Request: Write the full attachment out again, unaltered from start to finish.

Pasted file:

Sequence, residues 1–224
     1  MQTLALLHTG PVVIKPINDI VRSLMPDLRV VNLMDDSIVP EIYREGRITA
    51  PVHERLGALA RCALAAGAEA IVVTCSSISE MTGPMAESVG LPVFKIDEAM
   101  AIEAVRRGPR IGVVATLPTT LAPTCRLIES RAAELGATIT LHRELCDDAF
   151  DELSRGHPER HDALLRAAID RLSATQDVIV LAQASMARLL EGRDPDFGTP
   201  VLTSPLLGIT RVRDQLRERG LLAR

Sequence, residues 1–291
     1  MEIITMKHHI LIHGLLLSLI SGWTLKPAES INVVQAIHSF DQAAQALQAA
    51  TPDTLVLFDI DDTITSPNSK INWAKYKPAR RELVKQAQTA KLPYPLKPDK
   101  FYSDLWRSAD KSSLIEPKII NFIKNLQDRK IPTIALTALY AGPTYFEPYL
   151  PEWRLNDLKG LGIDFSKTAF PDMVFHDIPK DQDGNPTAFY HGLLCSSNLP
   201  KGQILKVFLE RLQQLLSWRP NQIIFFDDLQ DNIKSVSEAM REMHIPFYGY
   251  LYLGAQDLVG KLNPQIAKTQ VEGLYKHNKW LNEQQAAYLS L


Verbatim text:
Sequence, residues 1–224
     1  MQTLALLHTG PVVIKPINDI VRSLMPDLRV VNLMDDSIVP EIYREGRITA
    51  PVHERLGALA RCALAAGAEA IVVTCSSISE MTGPMAESVG LPVFKIDEAM
   101  AIEAVRRGPR IGVVATLPTT LAPTCRLIES RAAELGATIT LHRELCDDAF
   151  DELSRGHPER HDALLRAAID RLSATQDVIV LAQASMARLL EGRDPDFGTP
   201  VLTSPLLGIT RVRDQLRERG LLAR

Sequence, residues 1–291
     1  MEIITMKHHI LIHGLLLSLI SGWTLKPAES INVVQAIHSF DQAAQALQAA
    51  TPDTLVLFDI DDTITSPNSK INWAKYKPAR RELVKQAQTA KLPYPLKPDK
   101  FYSDLWRSAD KSSLIEPKII NFIKNLQDRK IPTIALTALY AGPTYFEPYL
   151  PEWRLNDLKG LGIDFSKTAF PDMVFHDIPK DQDGNPTAFY HGLLCSSNLP
   201  KGQILKVFLE RLQQLLSWRP NQIIFFDDLQ DNIKSVSEAM REMHIPFYGY
   251  LYLGAQDLVG KLNPQIAKTQ VEGLYKHNKW LNEQQAAYLS L